Green gleam helps fish see violet | Science News

Support Science Journalism

Science News is a nonprofit.

Support us by subscribing now.


Green gleam helps fish see violet

Fish's eyes apparently glow to pick up hard-to-detect hues

10:17am, January 10, 2012

CHARLESTON, S.C. — The greeneye fish views its stygian home through fluorescent lenses that turn one color into another, researchers propose, making glowing green images of hard-to-see violet objects.

“Crazy” is what Yakir Gagnon of Duke University cheerfully called the fish-vision idea he and his colleagues presented January 4 at the annual meeting of Society for Integrative and Comparative Biology. Fluorescent materials known to science so far, he explained, respond to incoming light by glowing in a different color in all directions. Yet lenses on the bulging, upward-looking Chlorophthalmus fish appear to have materials that direct that fluorescent glow in the same direction and pattern as incoming light.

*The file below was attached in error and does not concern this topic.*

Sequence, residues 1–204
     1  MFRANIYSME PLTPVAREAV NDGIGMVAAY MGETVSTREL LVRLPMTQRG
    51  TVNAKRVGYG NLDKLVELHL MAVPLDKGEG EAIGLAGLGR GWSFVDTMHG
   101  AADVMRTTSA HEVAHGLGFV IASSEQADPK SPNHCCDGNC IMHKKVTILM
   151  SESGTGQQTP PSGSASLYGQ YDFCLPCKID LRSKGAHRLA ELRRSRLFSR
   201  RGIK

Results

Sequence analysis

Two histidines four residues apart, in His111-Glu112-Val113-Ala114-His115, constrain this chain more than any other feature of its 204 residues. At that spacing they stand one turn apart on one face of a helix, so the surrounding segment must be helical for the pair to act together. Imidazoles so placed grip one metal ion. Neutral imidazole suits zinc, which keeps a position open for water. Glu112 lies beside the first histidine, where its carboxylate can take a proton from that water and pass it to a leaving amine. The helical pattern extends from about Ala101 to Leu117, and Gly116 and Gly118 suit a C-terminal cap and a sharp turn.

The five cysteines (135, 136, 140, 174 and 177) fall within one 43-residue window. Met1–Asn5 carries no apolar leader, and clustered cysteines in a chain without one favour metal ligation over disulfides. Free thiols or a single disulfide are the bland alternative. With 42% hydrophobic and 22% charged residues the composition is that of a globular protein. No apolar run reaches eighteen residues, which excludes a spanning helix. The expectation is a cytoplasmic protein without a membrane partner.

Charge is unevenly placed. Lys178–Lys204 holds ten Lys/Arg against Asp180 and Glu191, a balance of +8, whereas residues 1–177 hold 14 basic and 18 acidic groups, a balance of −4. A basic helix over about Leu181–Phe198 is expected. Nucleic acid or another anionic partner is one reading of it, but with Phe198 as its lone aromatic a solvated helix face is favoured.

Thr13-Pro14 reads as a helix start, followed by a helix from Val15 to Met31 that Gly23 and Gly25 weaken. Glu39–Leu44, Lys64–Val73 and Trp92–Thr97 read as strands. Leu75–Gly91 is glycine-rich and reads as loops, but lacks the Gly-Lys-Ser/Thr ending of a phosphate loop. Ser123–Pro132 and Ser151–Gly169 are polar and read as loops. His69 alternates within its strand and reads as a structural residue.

Like many deep-sea fishes, greeneyes have only one kind of light-detecting pigment in the retina, the surface at the back of the eye that catches images. That pigment is optimized to pick up a particular wavelength of g

This article is only available to Science News subscribers. Already a subscriber? Log in now.
Or subscribe today for full access.

Get Science News headlines by e-mail.

More from Science News

From the Nature Index Paid Content